December 31, 2014
And in the season finale, I cringed so hard that tears finally came out.‘The Comeback’ Finale: Give Lisa Kudrow All of the Awards
December 29, 2014
Historical Examples of tears
The tune was familiar to her in happier days, and she listened to it with tears.
It looks as if the dew was on it; but the tears will not make it grow again—will they?
"Now you are angry with me," exclaimed the sensitive maiden; and she burst into tears.
Here the tumult of mingled emotion subsided in a flood of tears.
Yet his voice was unbroken and he was, indeed, unconscious of the tears.The Spenders
Harry Leon Wilson
- the clear salty solution secreted by the lacrimal glands that lubricates and cleanses the surface of the eyeball and inner surface of the eyelidsRelated adjective: lachrymal
- a state of intense frustration (esp in the phrase bored to tears)
- in tears weeping
- without tears presented so as to be easily assimilatedreading without tears
- a drop of the secretion of the lacrimal glandsSee tears
- something shaped like a hanging dropa tear of amber
Word Origin for tear
- to cause (material, paper, etc) to come apart or (of material, etc) to come apart; rip
- (tr) to make (a hole or split) in (something)to tear a hole in a dress
- (intr often foll by along) to hurry or rushto tear along the street
- (tr; usually foll by away or from) to remove or take by force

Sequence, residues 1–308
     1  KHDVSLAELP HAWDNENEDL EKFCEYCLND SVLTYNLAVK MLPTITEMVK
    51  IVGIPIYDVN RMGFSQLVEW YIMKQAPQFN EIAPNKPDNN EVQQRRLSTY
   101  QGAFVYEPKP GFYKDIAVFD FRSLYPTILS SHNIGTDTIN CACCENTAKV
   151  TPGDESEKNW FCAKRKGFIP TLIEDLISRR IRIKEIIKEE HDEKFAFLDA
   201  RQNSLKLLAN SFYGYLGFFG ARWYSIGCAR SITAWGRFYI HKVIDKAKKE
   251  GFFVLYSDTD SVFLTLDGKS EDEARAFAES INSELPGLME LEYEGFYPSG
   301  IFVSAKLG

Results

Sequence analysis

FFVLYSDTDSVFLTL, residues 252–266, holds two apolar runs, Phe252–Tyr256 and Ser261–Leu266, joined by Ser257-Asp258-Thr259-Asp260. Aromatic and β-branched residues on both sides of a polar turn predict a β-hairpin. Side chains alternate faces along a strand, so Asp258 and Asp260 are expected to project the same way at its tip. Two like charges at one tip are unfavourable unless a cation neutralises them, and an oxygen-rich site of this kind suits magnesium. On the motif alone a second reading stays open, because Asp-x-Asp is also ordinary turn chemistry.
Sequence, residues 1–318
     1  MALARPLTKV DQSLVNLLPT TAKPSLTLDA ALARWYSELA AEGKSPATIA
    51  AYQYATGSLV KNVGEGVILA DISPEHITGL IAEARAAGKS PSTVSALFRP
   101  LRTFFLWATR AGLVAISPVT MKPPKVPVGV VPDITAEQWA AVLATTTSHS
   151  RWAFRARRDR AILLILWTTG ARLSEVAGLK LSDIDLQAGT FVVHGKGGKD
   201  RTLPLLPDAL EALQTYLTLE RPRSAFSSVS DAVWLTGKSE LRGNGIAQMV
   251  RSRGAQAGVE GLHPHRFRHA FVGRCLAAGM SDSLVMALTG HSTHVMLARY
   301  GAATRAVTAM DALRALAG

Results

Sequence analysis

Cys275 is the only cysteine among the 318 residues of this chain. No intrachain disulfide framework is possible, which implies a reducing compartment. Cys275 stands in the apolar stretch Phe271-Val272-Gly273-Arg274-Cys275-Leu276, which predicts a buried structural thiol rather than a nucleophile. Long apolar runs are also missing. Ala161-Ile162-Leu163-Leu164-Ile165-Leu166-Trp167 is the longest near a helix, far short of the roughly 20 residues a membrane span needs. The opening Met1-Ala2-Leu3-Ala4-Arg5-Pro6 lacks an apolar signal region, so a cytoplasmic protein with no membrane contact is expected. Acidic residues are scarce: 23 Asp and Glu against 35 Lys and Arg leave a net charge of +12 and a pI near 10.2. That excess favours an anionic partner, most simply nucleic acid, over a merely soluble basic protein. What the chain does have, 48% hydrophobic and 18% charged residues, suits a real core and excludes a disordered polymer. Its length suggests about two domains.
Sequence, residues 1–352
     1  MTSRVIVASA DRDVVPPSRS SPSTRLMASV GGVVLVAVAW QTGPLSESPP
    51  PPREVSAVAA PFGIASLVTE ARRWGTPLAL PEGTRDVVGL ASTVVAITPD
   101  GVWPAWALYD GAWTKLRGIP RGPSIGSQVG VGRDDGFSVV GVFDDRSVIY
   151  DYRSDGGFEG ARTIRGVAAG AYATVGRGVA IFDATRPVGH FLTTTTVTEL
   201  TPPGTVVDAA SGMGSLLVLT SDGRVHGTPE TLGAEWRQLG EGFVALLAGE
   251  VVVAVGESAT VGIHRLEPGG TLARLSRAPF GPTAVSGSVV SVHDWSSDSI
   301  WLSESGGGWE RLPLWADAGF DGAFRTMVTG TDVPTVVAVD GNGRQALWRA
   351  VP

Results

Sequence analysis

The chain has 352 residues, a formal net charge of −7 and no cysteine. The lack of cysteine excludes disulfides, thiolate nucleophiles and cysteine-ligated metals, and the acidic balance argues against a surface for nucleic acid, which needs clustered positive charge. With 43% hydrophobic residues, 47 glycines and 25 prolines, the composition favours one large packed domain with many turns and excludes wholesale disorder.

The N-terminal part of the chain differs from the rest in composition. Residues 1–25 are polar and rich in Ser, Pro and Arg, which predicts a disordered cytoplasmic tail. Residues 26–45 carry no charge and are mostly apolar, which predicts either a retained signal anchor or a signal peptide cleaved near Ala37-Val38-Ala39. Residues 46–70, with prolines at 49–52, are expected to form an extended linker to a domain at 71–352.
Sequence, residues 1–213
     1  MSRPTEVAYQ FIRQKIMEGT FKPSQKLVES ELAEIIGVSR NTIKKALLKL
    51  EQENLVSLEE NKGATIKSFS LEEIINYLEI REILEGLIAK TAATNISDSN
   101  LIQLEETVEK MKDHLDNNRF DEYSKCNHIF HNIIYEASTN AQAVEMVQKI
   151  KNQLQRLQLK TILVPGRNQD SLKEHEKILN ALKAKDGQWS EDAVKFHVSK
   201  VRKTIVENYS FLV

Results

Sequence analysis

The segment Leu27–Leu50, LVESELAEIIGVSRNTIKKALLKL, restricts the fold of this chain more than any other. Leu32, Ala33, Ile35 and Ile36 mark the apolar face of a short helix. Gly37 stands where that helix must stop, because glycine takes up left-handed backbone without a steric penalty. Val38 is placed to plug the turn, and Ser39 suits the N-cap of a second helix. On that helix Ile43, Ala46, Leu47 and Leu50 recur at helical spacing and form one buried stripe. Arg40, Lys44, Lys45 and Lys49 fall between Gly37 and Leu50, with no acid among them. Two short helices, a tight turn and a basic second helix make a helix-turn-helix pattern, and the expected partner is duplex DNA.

- (when intr, often foll by at) to cause pain, distress, or anguish (to)it tore at my heartstrings to see the starving child
- tear one's hair informal to be angry, frustrated, very worried, etc
- a hole, cut, or split
- the act of tearing
- a great hurry; rush
- on a tear slang showing a sudden burst of energy
Word Origin for tear
1650s, mainly in American English, from tear (n.1). Related: Teared; tearing. Old English verb tæherian did not survive into Middle English.
"act of ripping or rending," 1660s, from tear (v.1).
"water from the eye," Old English tear, from earlier teahor, tæhher, from Proto-Germanic *takh-, *tagr- (cf. Old Norse, Old Frisian tar, Old High German zahar, German Zähre, Gothic tagr "tear"), from PIE *dakru-/*draku- (cf. Latin lacrima, Old Latin dacrima, Irish der, Welsh deigr, Greek dakryma). Tear gas first recorded 1917.
"pull apart," Old English teran (class IV strong verb; past tense tær, past participle toren), from Proto-Germanic *teran (cf. Old Saxon terian, Middle Dutch teren "to consume," Old High German zeran "to destroy," German zehren, Gothic ga-tairan "to tear, destroy"), from PIE *der- "tear" (cf. Sanskrit drnati "cleaves, bursts," Greek derein "to flay," Armenian terem "I flay," Old Church Slavonic dera "to burst asunder," Breton darn "piece").
The Old English past tense survived long enough to get into Bible translations as tare before giving place 17c. to tore, which is from the old past participle toren. Sense of "to pull by force" (away from some situation or attachment) is attested from late 13c. To be torn between two things (desires, loyalties, etc.) is from 1871.
- A drop of the clear salty liquid secreted by glands (lacrimal glands) in the eyes. Tears wet the membrane covering the eye and help rid the eye of irritating substances.
see bore to death (tears); burst into (tears); crocodile tears. Also see under tear.
In addition to the idioms beginning with tear
- tear apart
- tear around
- tear at
- tear away
- tear down
- tear into
- tear it
- tear off
- tear one's hair
- rip (tear) into
- wear and tear
Also see undertearstorn.